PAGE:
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VR and AR technology

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The utility developed technology that identifies design defects and WHS risks in capital projects at the planning stage. Previously relying on two-dimensional drawings and 3D modelling, MW’s VR solution lessens the need for imagination and appraisals based on a limited understanding of the project scope. MW found that some of the less obvious design and safety problems were overlooked using traditional techniques. This led to expensive and complex design fixes once construction was complete and the asset operational. It also put workers unnecessarily at risk of injury, as hazards were only recognised post-completion. Immersion within a virtual version of the proposed asset is made possible by employing VR headsets. This set-up allows engineers to move freely about and interact with the planned environment from the safety of an office. To verify the concept, MW ran trials of the technology in tandem with standard methods. The VR solution assisted in identification of 26 potential safety issues, versus just six uncovered using drawings and modelling. This success led to the utility adopting the technology as an integral part of the asset design process. Perhaps buoyed by these achievements, Western Australia’s Water Corporation (WC) commenced trials of 3D VR simulations in November last year. Initially confined to water and wastewater infrastructure design,

14 NATIONAL SAFETY - MARCH 2018

The VR solution assisted in identification of 26 potential safety issues, versus just six uncovered using drawings and modelling.

WC sees potential in the use of VR for other purposes including training and testing maintenance programs.

DIGGING DEEP VR is commonly utilised for training in the mining industry and as a method to accompany class-based learnings in

universities that offer infrastructure and engineering courses. The University of Wollongong has collaborated with safety training provider Coal Services to develop an immersive VR system for training miners and rescue services workers. Recognising the limitations of hazard identification conducted from the safety of a classroom, the VR program was developed to facilitate a more authentic learning experience. The resulting environment permits eight students at a time to experience a mining setting that includes common hazards, explosion simulations and guidance on conducting safety inspections. UOW believes it’s as close as anyone can get to being in a mine without ever entering a shaft and better prepares students for the real world. The School of Mining Engineering at UNSW features a similar facility — the VR Suite — which simulates a range of mining scenarios and provides a high-impact learning experience that allows students to test and challenge concepts and theories in a safe environment.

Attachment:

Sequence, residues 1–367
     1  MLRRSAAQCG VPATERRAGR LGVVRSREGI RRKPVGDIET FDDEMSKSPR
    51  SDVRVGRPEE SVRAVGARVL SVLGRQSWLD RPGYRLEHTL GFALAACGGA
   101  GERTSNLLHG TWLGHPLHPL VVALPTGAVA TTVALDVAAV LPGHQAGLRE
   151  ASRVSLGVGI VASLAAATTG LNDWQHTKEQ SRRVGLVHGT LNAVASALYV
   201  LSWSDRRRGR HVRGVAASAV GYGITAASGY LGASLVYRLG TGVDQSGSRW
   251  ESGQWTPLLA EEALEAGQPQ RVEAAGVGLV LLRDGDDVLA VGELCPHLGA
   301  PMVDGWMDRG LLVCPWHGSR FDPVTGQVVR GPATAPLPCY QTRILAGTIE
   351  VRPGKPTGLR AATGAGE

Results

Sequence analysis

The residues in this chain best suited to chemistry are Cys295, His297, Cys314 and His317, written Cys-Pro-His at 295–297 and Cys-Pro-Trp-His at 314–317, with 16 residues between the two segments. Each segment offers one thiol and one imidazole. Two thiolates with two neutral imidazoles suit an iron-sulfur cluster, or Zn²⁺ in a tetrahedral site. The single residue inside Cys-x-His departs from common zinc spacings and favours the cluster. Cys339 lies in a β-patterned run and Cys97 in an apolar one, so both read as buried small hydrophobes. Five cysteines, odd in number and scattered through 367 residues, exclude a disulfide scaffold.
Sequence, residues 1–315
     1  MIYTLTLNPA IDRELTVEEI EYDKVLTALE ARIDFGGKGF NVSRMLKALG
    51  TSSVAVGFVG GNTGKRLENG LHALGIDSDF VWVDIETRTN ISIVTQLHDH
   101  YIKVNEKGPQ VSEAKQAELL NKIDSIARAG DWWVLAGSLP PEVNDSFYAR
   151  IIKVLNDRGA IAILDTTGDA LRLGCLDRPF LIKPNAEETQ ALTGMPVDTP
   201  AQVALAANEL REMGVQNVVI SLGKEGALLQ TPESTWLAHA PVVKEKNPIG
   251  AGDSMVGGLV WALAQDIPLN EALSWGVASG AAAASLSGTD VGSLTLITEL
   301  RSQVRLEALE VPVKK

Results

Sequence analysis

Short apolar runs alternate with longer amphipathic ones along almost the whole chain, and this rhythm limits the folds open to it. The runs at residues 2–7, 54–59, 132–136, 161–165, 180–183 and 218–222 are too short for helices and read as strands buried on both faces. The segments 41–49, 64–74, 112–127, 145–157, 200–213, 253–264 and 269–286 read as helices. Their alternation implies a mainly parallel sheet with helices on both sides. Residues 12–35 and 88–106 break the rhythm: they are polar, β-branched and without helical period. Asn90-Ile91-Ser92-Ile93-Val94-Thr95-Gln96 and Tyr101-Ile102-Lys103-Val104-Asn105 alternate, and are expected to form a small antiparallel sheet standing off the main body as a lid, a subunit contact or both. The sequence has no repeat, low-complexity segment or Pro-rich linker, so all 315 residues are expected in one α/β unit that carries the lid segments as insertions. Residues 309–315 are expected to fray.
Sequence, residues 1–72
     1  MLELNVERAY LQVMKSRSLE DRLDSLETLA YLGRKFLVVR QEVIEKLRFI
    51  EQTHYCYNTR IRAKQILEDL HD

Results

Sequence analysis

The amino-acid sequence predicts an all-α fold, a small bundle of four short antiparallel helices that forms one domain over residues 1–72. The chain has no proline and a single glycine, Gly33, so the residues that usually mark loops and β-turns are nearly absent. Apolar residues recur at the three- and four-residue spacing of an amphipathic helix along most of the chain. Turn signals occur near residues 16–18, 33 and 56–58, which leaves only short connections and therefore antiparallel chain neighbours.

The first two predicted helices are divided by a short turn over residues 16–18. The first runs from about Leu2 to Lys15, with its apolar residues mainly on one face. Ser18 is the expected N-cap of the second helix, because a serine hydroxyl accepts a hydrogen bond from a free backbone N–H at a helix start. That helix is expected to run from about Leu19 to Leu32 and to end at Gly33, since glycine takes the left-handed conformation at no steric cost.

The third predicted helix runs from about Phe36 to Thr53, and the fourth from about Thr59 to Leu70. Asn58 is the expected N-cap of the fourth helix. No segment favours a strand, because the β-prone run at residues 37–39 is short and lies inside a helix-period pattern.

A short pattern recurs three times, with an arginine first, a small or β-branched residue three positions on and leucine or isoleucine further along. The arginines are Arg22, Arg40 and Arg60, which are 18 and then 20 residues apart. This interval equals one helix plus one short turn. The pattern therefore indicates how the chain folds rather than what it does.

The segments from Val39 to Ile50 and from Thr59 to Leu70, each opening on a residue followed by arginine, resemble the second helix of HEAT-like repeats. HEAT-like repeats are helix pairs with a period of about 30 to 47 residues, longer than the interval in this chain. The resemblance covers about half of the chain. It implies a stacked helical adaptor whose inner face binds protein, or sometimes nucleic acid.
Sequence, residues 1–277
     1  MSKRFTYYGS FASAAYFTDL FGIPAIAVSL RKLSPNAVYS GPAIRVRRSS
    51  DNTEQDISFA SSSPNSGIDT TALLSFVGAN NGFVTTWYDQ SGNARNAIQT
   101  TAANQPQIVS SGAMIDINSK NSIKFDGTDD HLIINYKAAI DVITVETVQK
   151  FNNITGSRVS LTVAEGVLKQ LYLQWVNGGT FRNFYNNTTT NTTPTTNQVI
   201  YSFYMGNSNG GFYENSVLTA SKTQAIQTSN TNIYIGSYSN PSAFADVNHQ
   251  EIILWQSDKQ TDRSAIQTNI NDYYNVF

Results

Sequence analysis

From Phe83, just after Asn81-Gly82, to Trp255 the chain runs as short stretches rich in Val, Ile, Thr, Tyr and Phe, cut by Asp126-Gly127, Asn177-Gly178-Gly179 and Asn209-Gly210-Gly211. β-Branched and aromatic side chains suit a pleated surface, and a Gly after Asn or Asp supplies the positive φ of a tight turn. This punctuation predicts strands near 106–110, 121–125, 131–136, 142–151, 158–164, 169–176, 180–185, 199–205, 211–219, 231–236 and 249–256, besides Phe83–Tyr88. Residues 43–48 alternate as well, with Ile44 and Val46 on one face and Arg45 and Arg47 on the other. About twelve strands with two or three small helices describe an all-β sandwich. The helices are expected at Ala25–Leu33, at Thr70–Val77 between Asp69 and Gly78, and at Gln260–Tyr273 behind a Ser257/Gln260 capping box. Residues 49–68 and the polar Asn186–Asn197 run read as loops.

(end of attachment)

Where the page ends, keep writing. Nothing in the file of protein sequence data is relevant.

A BROADER VIEW One of the limitations of VR is the relatively high cost — those headsets aren’t cheap, nor is developing a virtual world. Additionally, one of the chief benefits is also an application limitation — great for training and remote hazard identification, but no practical use for workers already on-site. This is an area where AR will most likely take over. There are already apps that provide sitespecific hazard information via a phone’s camera view, highlighting potential dangers relative to a worker’s exact location. It does require the site manager or OH&S team to identify and manually add each hazard but has the benefit of providing that information site-wide to every worker. We’re likely to see further development of safety AR in the wearables space, building on the (thus far) limited success of safety glasses and hard hats which can provide environmental data and hazard identification, along with practical information such as work instructions. Although it is still relatively early days for VR and AR industry applications, continual advances will drive improvements and continue to bring costs down, ensuring that these technologies will play a significant role in improving safety across many industry sectors.

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National Safety Mar 2018  

National Safety is the official magazine of the NSCA Foundation. It is published 4 times a year by the Safety Solutions team at Westwick-Far...

National Safety Mar 2018  

National Safety is the official magazine of the NSCA Foundation. It is published 4 times a year by the Safety Solutions team at Westwick-Far...